Editor's Note: College Treps is a weekly column that puts the spotlight on college and graduate school-based entrepreneurs, as they tackle the tough task of starting up and going to school. Follow their daily struggles and this column on Twitter with the hashtag #CollegeTreps.
Just recently, a friend asked me how I started my educational company, Practice Makes Perfect, Inc. After being unable to readily answer him, I thought it must be a result of one of two things: There were too many possible ways to answer this question, or that starting companies has become so natural that I don’t have to think about it anymore -- it’s like breathing or blinking. A quick moment of reflection proved the former to be true.
I realized that a lot of people try to start companies backwards -- that is, with the final step first. The actual incorporation and documents to register with your state should be that last thing you worry about. I have had friends put really good ideas to the side because they didn’t know how to incorporate a company or were worried about how they would find money to pay lawyers to help them get through the legal recognition phase.
The main reason entrepreneurial ventures fail is because of a lack of execution. I started my first venture at the age of 13. In hindsight, my internet startup failed because I was missing the most important ingredient to running a company: other people. This included customers, co- founders and investors.
Related: How to Start Up from Your Dorm Room
The value of supporters cannot be underestimated. In fact, the most important of all people is your first supporter. Oftentimes, too much credit is given to the original idea generator. Yes, it’s true that they had to persuade the first person to buy-in, but it is the first follower that signals to everyone else that you may be working on something interesting. In regards to investors and venture capitalists, the old adage goes: Everyone wants to be the first one to be second.
Once you have an idea and a support team, you’re well on your way. A business is informally born when a group of people provides a product or service consistently. At this point, the most important thing to do is to figure out your competitive advantage. This phase is all about identifying what it is about your product or service that will ensure its existence. My first venture was a website that sold popular electronics for a 10 to 20 percent discount. At the time, I failed to realize that I needed to galvanize other people before I could get it successfully operating.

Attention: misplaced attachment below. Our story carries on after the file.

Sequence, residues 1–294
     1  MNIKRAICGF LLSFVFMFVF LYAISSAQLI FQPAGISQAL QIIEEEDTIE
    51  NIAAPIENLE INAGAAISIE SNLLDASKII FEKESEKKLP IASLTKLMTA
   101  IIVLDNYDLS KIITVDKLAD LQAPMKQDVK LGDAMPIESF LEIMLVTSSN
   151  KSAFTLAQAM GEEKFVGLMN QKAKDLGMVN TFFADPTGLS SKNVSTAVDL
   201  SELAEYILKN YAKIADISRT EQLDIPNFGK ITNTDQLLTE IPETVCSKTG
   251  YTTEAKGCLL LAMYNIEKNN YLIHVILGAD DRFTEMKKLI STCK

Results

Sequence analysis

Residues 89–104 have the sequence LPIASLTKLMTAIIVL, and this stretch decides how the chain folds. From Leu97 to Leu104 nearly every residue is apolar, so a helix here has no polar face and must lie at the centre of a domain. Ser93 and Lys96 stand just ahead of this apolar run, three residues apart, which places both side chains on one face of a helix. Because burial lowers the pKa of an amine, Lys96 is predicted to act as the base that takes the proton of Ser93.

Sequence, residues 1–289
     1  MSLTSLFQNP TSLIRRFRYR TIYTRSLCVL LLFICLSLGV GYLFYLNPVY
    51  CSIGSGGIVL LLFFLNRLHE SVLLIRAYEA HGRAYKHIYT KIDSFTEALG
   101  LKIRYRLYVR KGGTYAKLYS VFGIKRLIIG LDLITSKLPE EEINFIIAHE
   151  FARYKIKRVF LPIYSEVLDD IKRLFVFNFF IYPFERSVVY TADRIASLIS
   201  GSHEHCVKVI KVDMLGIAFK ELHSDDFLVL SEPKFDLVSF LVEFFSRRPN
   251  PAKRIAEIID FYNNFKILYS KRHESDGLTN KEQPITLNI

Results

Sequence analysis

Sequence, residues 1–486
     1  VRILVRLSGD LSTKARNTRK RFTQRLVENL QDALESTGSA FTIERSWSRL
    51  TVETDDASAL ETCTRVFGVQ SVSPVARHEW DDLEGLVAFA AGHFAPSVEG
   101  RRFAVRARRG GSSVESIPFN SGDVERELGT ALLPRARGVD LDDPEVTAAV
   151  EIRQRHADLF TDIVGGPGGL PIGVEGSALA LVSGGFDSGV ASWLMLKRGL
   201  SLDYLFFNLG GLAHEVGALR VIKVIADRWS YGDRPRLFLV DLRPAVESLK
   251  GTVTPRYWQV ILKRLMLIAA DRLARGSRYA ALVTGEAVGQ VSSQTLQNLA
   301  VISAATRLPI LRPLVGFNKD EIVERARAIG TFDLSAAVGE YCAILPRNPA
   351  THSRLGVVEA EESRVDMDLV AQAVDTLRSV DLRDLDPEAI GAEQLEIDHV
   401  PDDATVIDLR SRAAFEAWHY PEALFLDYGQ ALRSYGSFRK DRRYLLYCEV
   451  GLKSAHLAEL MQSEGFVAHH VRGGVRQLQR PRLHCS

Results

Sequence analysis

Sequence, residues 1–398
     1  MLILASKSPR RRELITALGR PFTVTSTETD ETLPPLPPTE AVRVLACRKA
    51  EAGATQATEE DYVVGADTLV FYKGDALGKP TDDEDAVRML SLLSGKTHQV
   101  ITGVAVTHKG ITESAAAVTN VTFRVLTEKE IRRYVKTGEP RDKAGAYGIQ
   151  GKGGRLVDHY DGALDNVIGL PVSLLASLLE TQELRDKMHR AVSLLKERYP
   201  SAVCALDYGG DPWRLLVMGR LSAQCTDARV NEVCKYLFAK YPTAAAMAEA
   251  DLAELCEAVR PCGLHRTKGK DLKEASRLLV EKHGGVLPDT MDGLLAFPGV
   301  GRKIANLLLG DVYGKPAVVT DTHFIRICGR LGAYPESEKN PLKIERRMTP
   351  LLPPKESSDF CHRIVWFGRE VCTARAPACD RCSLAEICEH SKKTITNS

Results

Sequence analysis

The final thing you need to do to make things official is to incorporate. I highly suggest putting this part off until you are certain that you want to pursue the business you are working on. Filing with the state and gathering articles of incorporation can be time consuming, and, if you decide to pay a lawyer, the early expenses could slow your growth. Ultimately, expenses should be kept minimal with any startup venture.
Here are three tips to a speedy launch:
- Don’t wait to test your product. It’s important to get out there as soon as possible and get feedback from as many people as you can. The sooner you test the market, to sooner you’ll know whether your idea is worth pursuing further.
- Build a support team right away. Even if you’re a solopreneur, you still need a network of trustworthy, encouraging people around you. Hit up your family, friends, social media contacts and anyone else you think might know someone who could help you. These initial contacts could lead to some of your very first customers.
- Incorporate last. Don’t focus on the last step first. Let necessities for your product or service drive the need to incorporate. In the early startup phase, your last concern should be the actual incorporation. Remember, you don’t need to legally incorporate to test a market for a product or service.
What helped you quicken your launch? Let us know in the comments section.
The author is an Entrepreneur contributor. The opinions expressed are those of the writer.